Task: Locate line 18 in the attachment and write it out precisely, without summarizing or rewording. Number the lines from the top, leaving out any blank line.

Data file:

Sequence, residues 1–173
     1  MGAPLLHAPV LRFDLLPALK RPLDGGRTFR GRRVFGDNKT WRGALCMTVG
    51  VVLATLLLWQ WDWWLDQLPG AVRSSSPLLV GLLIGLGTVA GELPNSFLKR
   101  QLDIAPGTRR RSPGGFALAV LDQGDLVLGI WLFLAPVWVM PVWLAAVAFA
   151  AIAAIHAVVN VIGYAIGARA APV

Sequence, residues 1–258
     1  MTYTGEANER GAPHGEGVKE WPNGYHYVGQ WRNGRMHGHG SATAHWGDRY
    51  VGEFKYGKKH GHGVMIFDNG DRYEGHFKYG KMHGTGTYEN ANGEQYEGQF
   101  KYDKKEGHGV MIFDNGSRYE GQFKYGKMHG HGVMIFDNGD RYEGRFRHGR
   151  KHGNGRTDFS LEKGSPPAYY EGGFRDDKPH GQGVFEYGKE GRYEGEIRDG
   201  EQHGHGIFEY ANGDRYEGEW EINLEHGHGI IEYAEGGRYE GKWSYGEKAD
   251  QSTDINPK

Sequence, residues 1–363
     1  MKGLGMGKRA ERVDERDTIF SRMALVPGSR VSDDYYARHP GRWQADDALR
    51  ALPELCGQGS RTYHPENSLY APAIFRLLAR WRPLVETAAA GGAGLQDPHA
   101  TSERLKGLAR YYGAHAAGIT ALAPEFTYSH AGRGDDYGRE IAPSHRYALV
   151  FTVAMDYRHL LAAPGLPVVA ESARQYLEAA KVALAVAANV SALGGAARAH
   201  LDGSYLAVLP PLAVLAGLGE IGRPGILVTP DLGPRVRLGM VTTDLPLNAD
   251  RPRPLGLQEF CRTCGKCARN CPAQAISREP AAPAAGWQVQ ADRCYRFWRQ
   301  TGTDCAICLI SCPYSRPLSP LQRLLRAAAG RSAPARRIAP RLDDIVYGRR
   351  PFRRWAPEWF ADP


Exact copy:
   201  LDGSYLAVLP PLAVLAGLGE IGRPGILVTP DLGPRVRLGM VTTDLPLNAD